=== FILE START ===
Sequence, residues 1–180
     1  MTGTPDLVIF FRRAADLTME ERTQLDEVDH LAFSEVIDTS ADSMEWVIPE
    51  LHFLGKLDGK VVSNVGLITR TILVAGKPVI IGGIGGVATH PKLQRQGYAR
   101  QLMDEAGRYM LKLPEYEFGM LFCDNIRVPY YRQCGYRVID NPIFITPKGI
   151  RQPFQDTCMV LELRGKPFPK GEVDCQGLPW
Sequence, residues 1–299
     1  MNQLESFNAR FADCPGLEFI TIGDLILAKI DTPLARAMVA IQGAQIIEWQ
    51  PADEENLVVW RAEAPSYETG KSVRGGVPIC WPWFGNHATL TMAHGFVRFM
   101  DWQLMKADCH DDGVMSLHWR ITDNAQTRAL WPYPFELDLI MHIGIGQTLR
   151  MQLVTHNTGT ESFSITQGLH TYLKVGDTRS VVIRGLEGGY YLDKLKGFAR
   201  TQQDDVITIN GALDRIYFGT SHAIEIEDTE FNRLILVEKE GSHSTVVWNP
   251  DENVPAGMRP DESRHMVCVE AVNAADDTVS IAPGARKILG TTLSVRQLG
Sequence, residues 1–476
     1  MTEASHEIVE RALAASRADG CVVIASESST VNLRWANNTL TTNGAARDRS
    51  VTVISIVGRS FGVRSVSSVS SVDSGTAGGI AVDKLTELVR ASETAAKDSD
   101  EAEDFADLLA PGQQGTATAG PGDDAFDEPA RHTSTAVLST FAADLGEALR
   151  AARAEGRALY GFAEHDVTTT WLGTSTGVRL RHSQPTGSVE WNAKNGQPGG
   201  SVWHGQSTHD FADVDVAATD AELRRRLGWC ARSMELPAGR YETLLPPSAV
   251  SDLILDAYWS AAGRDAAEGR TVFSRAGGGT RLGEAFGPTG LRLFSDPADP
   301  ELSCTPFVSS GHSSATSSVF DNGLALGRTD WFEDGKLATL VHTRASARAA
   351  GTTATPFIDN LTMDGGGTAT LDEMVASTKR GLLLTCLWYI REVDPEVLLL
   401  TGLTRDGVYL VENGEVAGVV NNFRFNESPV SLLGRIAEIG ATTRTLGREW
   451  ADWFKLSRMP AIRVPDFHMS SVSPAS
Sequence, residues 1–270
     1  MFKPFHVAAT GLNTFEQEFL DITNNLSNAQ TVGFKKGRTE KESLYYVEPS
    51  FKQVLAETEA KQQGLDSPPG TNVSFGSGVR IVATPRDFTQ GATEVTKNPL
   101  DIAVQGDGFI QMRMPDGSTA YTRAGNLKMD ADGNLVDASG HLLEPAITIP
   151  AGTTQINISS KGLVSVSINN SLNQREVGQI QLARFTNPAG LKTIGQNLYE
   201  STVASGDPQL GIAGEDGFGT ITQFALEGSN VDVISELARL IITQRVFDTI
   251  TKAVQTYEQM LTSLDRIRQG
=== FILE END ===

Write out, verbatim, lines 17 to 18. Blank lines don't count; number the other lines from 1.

   151  AARAEGRALY GFAEHDVTTT WLGTSTGVRL RHSQPTGSVE WNAKNGQPGG
   201  SVWHGQSTHD FADVDVAATD AELRRRLGWC ARSMELPAGR YETLLPPSAV